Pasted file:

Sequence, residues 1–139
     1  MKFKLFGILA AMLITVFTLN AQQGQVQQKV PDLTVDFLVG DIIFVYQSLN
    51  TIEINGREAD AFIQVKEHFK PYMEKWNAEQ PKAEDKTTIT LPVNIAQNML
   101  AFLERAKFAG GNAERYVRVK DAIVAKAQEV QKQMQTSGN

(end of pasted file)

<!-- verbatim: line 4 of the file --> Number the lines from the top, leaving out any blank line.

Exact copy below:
   101  AFLERAKFAG GNAERYVRVK DAIVAKAQEV QKQMQTSGN